Cheaper fares get snapped up quickly. Hence, it is best to book early. Specifically, 12 weeks early, as Network Rail must keep timetables for journeys 12 weeks in advance.
Check if advance tickets are available
Sometimes, booking early isn’t possible. Call the train company the night before before 6pm to see if there are any advance tickets spare, as this can be cheaper than booking at the station.
Know your railcards
There are many types of railcard that can give you cheaper fares by a third, but always check that the railcard is applicable for the journey. Railcards cost £28 per year or £65 for three years, with the exception of the Disabled Railcard (£20 for one year or £54 for three years, and can be used for a companion on the trip, too). 16 – 25 Railcards are not only available for people between 16 and 25, but also for full-time students of any age. Senior Railcards are available to anyone over 60, with some councils giving discounts on the price of the railcard itself. The Family & Friends Railcard, where a adult and a child can save one-third and 60% on a rail ticket respectively.
There is also the Network Railcard, specifically for the south-east of England. Up to three adults and four children can travel with you and claim the discount, again saving one-third and 60% respectively. Also, if you have an annual season ticket for the south-east of England, it may be worth signing up to the “gold card” scheme, which gives you discounts not only on rail journeys but also journeys that use your Oyster card.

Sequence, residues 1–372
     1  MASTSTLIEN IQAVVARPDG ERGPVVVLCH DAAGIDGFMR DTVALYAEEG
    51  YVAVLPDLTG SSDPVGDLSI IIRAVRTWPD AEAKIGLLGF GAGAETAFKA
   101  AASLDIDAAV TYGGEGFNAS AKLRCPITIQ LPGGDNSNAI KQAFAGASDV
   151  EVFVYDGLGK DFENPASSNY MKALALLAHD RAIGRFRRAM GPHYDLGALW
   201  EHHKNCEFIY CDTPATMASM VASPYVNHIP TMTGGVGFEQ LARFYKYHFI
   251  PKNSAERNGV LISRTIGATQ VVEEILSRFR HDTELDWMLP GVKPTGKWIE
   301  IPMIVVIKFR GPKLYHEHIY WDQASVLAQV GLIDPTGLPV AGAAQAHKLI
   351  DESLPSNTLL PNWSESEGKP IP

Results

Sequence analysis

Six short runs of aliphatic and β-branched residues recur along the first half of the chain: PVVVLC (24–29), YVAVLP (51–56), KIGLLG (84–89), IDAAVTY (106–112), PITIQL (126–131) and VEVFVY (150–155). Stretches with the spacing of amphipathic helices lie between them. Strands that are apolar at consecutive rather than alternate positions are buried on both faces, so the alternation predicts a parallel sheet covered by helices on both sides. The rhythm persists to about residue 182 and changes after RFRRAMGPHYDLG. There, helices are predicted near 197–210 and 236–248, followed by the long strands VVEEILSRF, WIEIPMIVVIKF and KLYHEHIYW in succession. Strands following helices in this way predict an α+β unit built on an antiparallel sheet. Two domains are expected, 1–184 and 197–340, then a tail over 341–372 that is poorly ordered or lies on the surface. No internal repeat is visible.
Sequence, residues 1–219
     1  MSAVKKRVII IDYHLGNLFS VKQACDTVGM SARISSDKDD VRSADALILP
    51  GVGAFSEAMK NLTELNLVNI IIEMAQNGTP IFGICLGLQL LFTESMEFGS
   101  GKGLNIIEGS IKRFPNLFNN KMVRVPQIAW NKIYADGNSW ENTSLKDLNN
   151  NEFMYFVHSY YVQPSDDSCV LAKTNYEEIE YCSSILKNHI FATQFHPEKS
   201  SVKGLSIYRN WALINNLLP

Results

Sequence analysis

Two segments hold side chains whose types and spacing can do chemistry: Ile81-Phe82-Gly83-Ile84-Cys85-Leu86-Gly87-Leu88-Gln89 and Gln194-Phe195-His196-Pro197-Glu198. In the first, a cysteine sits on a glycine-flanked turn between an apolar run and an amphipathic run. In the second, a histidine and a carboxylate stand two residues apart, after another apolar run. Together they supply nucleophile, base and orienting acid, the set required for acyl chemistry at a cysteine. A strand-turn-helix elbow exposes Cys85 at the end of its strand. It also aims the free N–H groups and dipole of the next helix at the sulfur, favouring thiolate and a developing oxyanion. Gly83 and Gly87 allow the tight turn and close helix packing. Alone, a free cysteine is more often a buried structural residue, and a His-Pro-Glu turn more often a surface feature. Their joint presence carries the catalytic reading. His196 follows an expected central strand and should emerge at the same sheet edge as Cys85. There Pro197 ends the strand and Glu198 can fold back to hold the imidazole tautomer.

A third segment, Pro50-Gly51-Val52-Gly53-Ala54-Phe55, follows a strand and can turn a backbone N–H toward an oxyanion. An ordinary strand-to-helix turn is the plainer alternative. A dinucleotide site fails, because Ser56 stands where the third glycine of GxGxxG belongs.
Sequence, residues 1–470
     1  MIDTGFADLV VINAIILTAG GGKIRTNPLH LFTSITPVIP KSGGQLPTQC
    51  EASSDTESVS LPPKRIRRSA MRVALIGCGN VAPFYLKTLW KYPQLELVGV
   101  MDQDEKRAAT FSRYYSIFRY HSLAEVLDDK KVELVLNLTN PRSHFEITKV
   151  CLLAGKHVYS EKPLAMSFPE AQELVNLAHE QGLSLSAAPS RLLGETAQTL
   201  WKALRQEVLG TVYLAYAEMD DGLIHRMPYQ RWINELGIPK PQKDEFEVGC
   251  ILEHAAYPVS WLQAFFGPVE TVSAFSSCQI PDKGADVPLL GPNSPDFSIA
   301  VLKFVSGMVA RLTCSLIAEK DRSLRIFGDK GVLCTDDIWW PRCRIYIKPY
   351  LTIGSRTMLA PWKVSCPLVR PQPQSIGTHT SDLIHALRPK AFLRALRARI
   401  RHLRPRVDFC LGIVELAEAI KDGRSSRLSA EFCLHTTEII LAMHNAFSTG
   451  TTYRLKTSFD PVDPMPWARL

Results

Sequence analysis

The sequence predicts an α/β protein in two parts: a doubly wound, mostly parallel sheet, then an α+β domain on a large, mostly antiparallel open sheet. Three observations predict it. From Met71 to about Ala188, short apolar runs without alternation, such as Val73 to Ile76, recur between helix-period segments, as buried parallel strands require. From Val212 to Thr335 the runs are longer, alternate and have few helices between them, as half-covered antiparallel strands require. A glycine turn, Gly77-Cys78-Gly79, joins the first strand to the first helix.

Tesco Reward Points
Check out the Tesco Clubcard Rewards brochure and use your reward points for travel. What’s more, the value of the points is doubled, tripled or sometimes quadrupled. Redspottedhanky is the main one to look out for.
Don’t be afraid to reclaim on your journey
If the train is late (around 20-40 minutes, depending on provider and journey), pick up a reclaim form from the station.
Train tickets can be bought in advance for as little as £1 plus 50p booking fee through Megatrain on certain journeys.
Singles & splitting
Shop around, and you may well find that two singles can sometimes be cheaper than a return. This is an even better trick to use if you are flexible concerning time.
Splitting journeys means buying different tickets for different parts of the journey. As long as the train calls at the stations you’ve bought tickets for, this does not breach any rules. For example, a train ticket directly to Penzance from London is considerably more expensive than buying a ticket from London to Plymouth and then Plymouth to Penzance, even though you’re on the same train. Splitting tickets can be tricky to plan sometimes, but worth it. Two separate season tickets for different parts of the route can be cheaper than one season ticket covering the entire route. Splitting tickets can be a very useful money-saving trick on commuter-heavy routes.
Learn how to use the National Rail’s Season Ticket Calculator
This can help you compare prices and help plan the splitting of tickets. A very useful tool.
Don’t Use National Rail’s 0845 number
Use 0121 634 2040 instead.